are back in different schools together
Go McQuaid! Go Aquinas!
a basketball or football game between McQuaid Jesuit and
Aquinas Institute and you can see the legendary rivalry between
these two Rochester-area Catholic high schools.
|James Whelehan ’85 and Michael Daley ’90 have
much in common besides their RIT degrees.
is historic: McQuaid is a 50-year old, all-male prep-school founded
by the Jesuits; Aquinas is a 100-year old, former Basilian-run
institution that became co-ed in 1982.
turn into similarities when you consider the presidents of
each school: James Whelehan of McQuaid and Michael Daley
of Aquinas, who were appointed to their posts last year within
two months of each other. Whelehan received an MBA from RIT’s
College of Business in 1985; Daley received the same degree
in 1990. Both grew up in the area and worked in the telecommunications
industry. Both love to play golf.
we were hired because what our schools need most are leaders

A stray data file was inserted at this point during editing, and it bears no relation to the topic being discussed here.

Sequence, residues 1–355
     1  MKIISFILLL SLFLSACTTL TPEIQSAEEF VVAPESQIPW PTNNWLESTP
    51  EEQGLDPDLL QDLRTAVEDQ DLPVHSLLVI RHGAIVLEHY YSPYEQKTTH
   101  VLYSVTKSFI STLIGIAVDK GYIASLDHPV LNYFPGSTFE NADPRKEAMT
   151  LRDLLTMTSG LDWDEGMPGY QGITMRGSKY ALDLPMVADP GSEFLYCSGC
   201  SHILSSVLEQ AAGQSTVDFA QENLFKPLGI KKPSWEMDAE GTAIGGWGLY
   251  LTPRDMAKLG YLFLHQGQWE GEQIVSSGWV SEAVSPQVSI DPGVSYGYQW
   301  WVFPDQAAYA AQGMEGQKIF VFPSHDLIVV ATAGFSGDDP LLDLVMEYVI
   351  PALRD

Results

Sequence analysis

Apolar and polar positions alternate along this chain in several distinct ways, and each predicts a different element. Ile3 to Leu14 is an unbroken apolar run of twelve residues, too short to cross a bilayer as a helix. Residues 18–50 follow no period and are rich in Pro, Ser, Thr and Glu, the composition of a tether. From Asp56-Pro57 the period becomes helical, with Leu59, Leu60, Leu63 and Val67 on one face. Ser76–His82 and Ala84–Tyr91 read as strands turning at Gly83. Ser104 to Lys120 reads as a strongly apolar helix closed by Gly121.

with real-world perspective, business people who can
raise money and support for our Christian values and educational
mission,” says Daley, who lives in the Rochester
suburb of Greece with his wife and three children. Daley
is currently involved in two separate $5 million revitalization
projects for Aquinas, including a fine arts center and
Although he grew up
in shadow of Aquinas, Whelehan believes the rivalry between
the two schools is overplayed. “It’s
simply a matter of letting the best team win,” says
the president, who lives in suburban Perinton.
and Whelehan even the score when it comes to their
regard for RIT’s
graduate business program. They agree it was rigorous but very applicable
to real life.
“I can still
remember Dr. Jeffrey Lessard and what we called his Lessardian
Theory of Economics: that people are lazy, that people are
ignorant and that people are greedy,” quips
Daley with a laugh. “Maybe that’s
why I decided to leave industry and give something back to the
Whelehan agrees: “In
business, I was working 100 miles an hour and traveling all
the time. I have seven children and it was hard
to be there for them; I was missing out on their
“Although my kids still don’t
let me help them with their homework, I know
what it takes to be president of McQuaid. It’s
something I learned at RIT – how to be
good at making more out of less.”